Gutierrez: Raiders 2010 Review -- quarterbacks


Gutierrez: Raiders 2010 Review -- quarterbacks


Theres no question quarterback is the most important position on the football field. And with JaMarcus Russell reduced to a bad memory, the Raiders upgraded under center with the draft weekend acquisition of solid-if-not-spectacular Jason Campbell, the return of folk hero Bruce Gradkowski and the dismissal of Russell.

Still, then-coach Tom Cables magnificently bad mismanagement of the position -- we understood his man-crush on Gradkowski; we didnt understand him acting on it so frequently -- defined the season and set in motion the Raiders QB Carousel. Cable turned Campbell into a sympathetic figure, Gradkowski into a teachers pet, designations neither man wantedor deserved.

As a team, the Raiders passed for 3,471 yards and completed 56.8 percent of their passes with 18 touchdowns and 16 interceptions. It was only the 21st-ranked passing offense in the NFL in 2010 so new coach Hue Jackson, who will maintain play-calling duties, has something to work with besides continuity. Besides, owner Al Davis is watching.

A look back, then, at Oaklands signal-callers as we continue our Raiders player-by-player review

RELATED: Raiders depth chart roster stats

Jason Campbell -- It took all of six quarters for Campbell to wear out his welcome and for Cable to flip the switch on the QB Carousel. Pulled at halftime of the home opener against St. Louis, Campbell was shellshocked. He did not reclaim the starting gig for good until Gradkowskis season came to an end with a trip to I.R. on Dec. 2 and Campbell did not look back, winning three of the final five games with passer ratings of 105.5, 127.6, 69.1, 90.5 and 91.2. For the season, Campbells numbers fell from his steady ascent of the previous three years in Washington, but thats what happens when you get benched three times and start 12 of the 13 games in which you appear. Campbell had a season passer rating of 84.5 (a tick below his career-best 86.4 in 2009) after completing 194 of 329 passes (his lowest completion percentage since 2006) for 2,387 yards (ditto) with 13 touchdowns and eight interceptions. Seemingly constantly nicked up with stingers, he was also sacked 33 times. And just in case you harbored any questions on if Campbell is the unquestioned starter heading into next season, Davis erased any doubts at his epic media conference on Jan. 18. Davis reiterated his comparison of Campbell to two-time Super Bowl champion and Raiders icon Jim Plunkett while saying Campbell was better coming out of Auburn in 2005 than current Heisman winner Cam Newton is this year. (I) saw in Jason Campbell someone down the road who can really throw the football, can run, and there are some things we have to do with him, Davis said, but I think the guy (Jackson) whos going to be handling him in the future knows what to do and how to do it. Plus, Campbell is the only Raiders QB still under contract for 2011. With Jackson calling plays, at least hell be able to play in the same offensive system in consecutive seasons. A rare luxury for him dating to his college days. In my opinion, Jackson said, over the last seven, six weeks of the season(Campbell) played flawless. He played almost as good as you can play as a quarterback in our league.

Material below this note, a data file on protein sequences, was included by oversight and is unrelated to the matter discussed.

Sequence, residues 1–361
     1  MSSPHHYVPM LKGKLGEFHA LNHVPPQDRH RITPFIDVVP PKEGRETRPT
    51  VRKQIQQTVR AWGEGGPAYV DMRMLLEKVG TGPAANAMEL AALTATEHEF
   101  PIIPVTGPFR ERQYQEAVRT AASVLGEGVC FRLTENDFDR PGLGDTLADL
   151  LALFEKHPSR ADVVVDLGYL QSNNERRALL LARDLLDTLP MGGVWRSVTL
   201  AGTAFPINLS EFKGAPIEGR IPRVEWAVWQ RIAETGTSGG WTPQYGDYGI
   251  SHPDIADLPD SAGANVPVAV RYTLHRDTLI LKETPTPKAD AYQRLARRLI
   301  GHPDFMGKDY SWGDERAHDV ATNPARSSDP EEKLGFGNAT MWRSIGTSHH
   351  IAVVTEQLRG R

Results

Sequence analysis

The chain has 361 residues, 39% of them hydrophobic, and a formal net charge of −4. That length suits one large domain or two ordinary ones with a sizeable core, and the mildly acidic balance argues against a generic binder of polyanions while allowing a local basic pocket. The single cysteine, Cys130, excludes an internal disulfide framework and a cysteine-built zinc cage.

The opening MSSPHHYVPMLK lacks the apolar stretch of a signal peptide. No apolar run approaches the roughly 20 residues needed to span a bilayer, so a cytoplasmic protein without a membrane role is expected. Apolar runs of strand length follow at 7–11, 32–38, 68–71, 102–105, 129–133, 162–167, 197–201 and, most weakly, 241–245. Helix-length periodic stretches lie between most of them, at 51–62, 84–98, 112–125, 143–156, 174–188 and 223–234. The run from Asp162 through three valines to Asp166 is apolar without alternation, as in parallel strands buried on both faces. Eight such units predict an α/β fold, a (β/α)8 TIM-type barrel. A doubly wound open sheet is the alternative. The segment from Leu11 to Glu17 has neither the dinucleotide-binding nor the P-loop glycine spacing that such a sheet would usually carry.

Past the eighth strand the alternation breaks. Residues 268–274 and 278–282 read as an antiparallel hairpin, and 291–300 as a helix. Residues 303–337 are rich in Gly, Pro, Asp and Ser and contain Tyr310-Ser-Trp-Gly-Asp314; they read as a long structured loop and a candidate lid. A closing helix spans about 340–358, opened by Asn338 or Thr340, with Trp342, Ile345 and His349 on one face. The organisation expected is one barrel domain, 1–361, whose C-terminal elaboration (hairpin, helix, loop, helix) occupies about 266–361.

Bruce Gradkowski -- The QB formerly known as Bruce Almighty deserved better than this. Gradkowskis legacy as a folk hero in the streets of Raider Nation after his wondrous comeback victory at Pittsburgh the year before gave Gradkowski much capital. But Cable flushed it all away with his mismanagement and Gradkowski did not do much on the field to keep the throaty chants of BRUUUUUUUUUUCE from turning into BOOOOOOOOOOOOS. Sure, Gradkowski came off the bench to lead the comeback victory over the Rams. But he lost consecutive games against Arizona and Houston and, later, at home to Miami. Gradkowski appeared in six games, starting four, and had a season rating of just 66.3 (a massive drop from last years 80.6) after throwing for 1,059 yards on 83 of 157 passing (52.9, lowest in seasons with at least four games played) with five touchdowns and seven interceptions. No doubt the fiery Gradkowski showed he is best coming off the bench as a sparkplug, a fact not lost on Davis. I also realized that as good as Gradkowski is for a single game, we cant hold up the injury factor from happening, Davis said. He incurs injuries, and that worries the hell out of me. Gradkowskis 2009 season ended prematurely when he sprained both knees in the seasons 13th game. He tore his left pectoral muscle in an offseason weightlifting mishap before enduring a groin injury in training camp. He went down with a right shoulder separation in the seasons fifth game and re-aggravated it in his next start, seven weeks later. And despite his insistence he could again return for a playoff push, he was summarily shut down, literally and figuratively.